Personally, I’ve been extremely fortunate to have the support from my wife Sheri, who has become very successful in powerlifting in a very short period of time. Without her support, it would be extremely difficult to put in the time necessary to progress at a competitive level. We are fortunate to have our own gym at home with a monolift, bench, power rack, glute ham raise, reverse hyper, belt squat and lots of bars, plates, chains and bands. We don’t go away on “normal” holidays. We travel to eastern Canada for the Canadian Nationals and to West Palm Beach, Florida, for the WPC World Championships, where we both won gold in our divisions. A weekend away for us usually consists of traveling to Ohio to the elitefts™ S4 compound to train with some of the best lifters in the sport and other members of our extended family through Team elitefts™.

It’s wonderful to be on the receiving end of so much family support to fuel your passion, but it also is extremely rewarding to support family members when they compete. My son Austin competed in his first powerlifting meet at age 17. There’s an overwhelming sense of pride and fulfillment as a father to encourage your son to push past previous limits and witness him beam with a sense of pride and accomplishment through being a positive role model and leading by example. It’s exciting to compete and reach personal goals, but I feel more of an enormous sense of pride and fulfillment helping my wife train, handling her at a meet and watching her compete. To witness her smash world records and watch her confidence grow is empowering. (I think I’ve created a monster!)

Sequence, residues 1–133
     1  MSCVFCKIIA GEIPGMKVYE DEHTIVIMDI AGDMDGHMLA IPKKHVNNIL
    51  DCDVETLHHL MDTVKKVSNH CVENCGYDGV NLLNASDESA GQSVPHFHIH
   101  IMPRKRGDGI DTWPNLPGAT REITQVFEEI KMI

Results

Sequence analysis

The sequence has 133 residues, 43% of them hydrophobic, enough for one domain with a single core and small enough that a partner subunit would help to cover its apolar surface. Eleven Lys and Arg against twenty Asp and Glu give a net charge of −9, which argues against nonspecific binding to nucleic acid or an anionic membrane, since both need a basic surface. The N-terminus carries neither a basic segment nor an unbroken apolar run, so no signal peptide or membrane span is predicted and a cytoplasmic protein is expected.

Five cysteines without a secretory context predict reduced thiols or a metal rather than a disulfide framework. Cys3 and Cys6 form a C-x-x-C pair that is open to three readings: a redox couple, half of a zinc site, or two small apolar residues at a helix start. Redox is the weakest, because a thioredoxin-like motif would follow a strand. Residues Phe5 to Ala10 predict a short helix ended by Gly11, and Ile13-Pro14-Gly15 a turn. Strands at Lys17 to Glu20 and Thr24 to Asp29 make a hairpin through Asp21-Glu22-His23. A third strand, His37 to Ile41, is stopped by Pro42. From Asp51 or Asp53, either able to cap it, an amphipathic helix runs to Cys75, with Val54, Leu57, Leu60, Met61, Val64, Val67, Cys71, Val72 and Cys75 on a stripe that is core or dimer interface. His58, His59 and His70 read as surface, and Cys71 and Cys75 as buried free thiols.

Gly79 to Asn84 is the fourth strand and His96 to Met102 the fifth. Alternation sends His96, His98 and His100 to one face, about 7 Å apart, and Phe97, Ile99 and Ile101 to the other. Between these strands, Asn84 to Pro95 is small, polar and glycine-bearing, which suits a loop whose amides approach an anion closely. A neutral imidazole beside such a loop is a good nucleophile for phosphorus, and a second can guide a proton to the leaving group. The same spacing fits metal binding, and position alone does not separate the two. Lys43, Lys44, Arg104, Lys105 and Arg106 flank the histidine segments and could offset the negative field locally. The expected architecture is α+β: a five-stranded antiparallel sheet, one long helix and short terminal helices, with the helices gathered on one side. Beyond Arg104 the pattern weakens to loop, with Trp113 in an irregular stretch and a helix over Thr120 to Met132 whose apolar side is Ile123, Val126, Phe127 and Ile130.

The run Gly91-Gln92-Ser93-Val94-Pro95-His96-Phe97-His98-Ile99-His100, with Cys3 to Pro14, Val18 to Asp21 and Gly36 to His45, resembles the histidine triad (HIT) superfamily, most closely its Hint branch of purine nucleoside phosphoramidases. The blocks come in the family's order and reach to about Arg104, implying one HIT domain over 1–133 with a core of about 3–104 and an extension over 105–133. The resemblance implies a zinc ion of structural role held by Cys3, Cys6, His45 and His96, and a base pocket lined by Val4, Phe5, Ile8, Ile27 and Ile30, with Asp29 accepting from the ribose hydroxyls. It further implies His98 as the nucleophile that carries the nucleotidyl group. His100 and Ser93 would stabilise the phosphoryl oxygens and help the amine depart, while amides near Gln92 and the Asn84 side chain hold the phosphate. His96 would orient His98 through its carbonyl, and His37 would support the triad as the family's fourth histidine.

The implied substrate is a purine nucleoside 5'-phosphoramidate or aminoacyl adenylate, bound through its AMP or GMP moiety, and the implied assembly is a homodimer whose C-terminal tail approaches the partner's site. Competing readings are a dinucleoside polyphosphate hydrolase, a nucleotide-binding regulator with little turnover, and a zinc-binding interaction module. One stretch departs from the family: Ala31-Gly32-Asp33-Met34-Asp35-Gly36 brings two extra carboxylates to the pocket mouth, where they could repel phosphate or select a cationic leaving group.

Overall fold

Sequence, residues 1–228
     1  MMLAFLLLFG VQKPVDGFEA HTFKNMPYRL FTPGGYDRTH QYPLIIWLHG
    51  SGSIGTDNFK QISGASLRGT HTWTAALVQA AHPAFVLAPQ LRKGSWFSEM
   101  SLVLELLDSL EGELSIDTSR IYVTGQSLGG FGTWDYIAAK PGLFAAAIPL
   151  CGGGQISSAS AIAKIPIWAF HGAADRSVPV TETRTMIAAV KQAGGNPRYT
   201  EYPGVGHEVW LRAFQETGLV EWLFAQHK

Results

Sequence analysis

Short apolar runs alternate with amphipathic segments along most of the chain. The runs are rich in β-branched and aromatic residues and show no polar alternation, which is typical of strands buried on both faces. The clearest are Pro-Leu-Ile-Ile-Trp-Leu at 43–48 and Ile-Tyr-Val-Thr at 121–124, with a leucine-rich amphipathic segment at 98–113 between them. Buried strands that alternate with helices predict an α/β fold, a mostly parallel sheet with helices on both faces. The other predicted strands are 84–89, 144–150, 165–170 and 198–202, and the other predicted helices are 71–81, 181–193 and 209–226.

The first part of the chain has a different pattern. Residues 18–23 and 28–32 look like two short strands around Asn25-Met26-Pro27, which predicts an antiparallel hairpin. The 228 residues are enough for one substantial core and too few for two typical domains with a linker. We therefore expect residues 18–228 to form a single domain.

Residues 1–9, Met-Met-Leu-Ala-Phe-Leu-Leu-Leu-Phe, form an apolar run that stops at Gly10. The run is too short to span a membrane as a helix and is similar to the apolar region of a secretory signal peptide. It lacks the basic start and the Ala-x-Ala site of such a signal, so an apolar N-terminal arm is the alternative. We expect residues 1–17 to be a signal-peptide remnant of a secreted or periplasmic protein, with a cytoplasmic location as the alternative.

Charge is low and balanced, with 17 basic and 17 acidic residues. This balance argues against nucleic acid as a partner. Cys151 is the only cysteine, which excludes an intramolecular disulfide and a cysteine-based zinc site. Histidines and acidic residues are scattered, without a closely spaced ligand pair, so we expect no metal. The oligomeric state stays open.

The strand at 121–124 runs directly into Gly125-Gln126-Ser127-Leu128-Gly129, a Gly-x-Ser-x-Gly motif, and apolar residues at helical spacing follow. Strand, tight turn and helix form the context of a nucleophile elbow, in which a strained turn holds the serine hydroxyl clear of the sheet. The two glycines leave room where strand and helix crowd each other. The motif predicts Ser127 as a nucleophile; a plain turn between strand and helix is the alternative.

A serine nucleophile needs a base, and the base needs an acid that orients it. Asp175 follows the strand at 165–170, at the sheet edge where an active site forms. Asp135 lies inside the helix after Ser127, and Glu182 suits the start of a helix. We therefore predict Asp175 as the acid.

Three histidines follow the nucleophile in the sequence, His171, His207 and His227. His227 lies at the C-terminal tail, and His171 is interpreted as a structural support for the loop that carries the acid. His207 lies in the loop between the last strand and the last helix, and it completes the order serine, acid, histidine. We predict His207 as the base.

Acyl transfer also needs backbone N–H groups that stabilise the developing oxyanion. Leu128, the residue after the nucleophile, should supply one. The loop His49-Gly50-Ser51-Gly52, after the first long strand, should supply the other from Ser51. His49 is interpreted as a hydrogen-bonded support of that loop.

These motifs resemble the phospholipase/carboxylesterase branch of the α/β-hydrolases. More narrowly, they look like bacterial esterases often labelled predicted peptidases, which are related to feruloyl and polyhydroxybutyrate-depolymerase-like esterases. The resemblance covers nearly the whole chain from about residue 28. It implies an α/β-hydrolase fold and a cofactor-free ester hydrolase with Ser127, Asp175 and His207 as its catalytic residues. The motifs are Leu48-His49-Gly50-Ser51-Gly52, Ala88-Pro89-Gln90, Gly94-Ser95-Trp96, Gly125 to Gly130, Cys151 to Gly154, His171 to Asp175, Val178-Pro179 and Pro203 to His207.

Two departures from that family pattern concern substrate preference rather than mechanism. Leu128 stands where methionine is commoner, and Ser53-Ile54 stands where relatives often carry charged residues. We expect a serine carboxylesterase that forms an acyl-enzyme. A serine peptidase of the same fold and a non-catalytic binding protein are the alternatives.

marshall steve sheri ken

Austin says, "My dad has been a positive influence in everything I do. He supports me in all the sports I participate in, and he helps drive me to work harder than everyone else to put in a solid effort all the time and be the best I can be. I'll definitely continue to strength train for the rest of my life. It keeps me focused, helps my performance in sports and makes me feel happy, healthy and confident. Strength training will always be a part of my life."

Sheri says, "This is a tough paragraph to write. I wouldn't even be powerlifting if it wasn’t for Ken. He got hooked, became passionate about it, encouraged me to try it and I became hooked. With 11 world records and 24 national records in just over one year, I guess it was meant to be. With the hours of commitment it takes to become an athlete at this level, it would be impossible to say the least without the love and support of your partner. If you can’t share the same passions, you have to find a way to accept the other one and find a happy ground somewhere. I don’t need to worry about that. We train together and compete together, and from what I hear, I’m a pretty good handler and knee wrapper, too. It’s great to be able to help each other live, learn and pass on."

Having a spouse or “significant other” who understands and supports your passion and drive to compete has to be in place to have a great training life and a happy home life. Success takes sacrifice. If somebody else regulates your ability to make necessary sacrifices, you will never reach your goals and, at some point, it will fuel resentment toward that person for holding you back.